How to Face Resistance to Your Great Ideas
When you face resistance:
Stress closes your mind.
#2. Don’t provide quick answers.
Explore their perspective. Seek input.
The worst thing you can do is answer resistance early in a conversation.
- Quick answers create adversarial relationships.
- Answers invite more objections when given to people who aren’t committed to move forward.
- Answers frustrate people who struggle to find a path forward.
#3. Answer hot emotion before solving difficult problems.
Frustrated people cling to the status quo. Stress makes us stupid.
#4. Open up – don’t dig in.
When you feel resistance, get curious. Defensiveness defeats you. Ask curious questions with an open heart.
- “Thanks for saying that. What brings this to mind for you?”
- “What’s important to you about that?”
- “What do you think we’re trying to accomplish by having this conversation?”
- “I’m curious. Why are you asking?”
- “Your thoughts are important to me. What’s your viewpoint on…?”
- “I hear what you’re saying. What results are you working to achieve?”
- “Thanks for your input. What else comes to mind?”
- “It sounds like you have a viewpoint on this. What led you to your conclusions?”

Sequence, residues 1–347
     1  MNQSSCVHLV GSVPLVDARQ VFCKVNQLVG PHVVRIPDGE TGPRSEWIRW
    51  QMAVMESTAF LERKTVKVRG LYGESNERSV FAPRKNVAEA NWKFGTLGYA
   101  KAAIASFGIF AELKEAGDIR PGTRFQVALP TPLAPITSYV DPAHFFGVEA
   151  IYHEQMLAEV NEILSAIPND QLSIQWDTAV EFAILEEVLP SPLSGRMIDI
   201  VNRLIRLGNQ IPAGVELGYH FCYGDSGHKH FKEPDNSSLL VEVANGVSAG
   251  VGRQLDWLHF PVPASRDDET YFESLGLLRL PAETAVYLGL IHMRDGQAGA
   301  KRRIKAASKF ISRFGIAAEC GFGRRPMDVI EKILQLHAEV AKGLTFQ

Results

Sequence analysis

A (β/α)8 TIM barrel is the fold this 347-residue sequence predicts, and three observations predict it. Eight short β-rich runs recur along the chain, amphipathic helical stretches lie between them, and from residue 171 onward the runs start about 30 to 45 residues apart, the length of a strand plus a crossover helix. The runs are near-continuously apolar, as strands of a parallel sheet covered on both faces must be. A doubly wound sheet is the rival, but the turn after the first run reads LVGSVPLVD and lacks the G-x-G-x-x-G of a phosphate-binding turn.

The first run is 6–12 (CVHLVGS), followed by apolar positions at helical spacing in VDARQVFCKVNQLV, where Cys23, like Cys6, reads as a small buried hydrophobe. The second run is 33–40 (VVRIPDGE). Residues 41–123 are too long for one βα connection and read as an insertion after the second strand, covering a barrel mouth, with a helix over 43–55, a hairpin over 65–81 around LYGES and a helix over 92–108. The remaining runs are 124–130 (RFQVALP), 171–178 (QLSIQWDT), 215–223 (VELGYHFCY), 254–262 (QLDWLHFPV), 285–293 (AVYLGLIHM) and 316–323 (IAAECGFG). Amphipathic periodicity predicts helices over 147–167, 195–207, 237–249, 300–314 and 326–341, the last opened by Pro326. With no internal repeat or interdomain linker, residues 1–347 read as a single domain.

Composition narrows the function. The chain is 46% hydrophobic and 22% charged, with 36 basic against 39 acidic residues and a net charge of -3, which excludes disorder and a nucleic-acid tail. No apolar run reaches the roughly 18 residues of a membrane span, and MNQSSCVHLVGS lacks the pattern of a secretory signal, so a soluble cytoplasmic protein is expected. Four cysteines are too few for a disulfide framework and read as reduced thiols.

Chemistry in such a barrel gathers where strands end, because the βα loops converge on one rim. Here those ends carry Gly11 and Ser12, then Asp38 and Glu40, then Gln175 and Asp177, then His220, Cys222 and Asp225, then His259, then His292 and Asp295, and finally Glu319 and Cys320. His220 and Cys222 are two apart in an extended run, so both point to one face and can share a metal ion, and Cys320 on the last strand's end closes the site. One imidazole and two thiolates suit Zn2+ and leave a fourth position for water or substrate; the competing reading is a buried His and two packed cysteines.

- “Let’s imagine we adopt your suggestion. What needs to be true for your suggestion to work?”
- “What might make this idea more workable? Less workable?”
- “What’s one argument in favor of this idea? What’s one argument against?”
- “What alternatives might help us move forward, other than continuing to endure a dissatisfying situation?”
Create a soft-landing strip for hard questions. The sentence before your question is a landing strip.
- Explain an intention. “The reason I’m asking is….”
- Practice gratitude. “Thanks for bringing this to my attention.”
- Summarize. “Here’s what I think you said. Do you think I get it? If not, what am I missing?”
- Notice the obvious. “It seems like you feel strongly about this.”
What are some reasons people resist new ideas?
How might leaders overcome resistance to new ideas?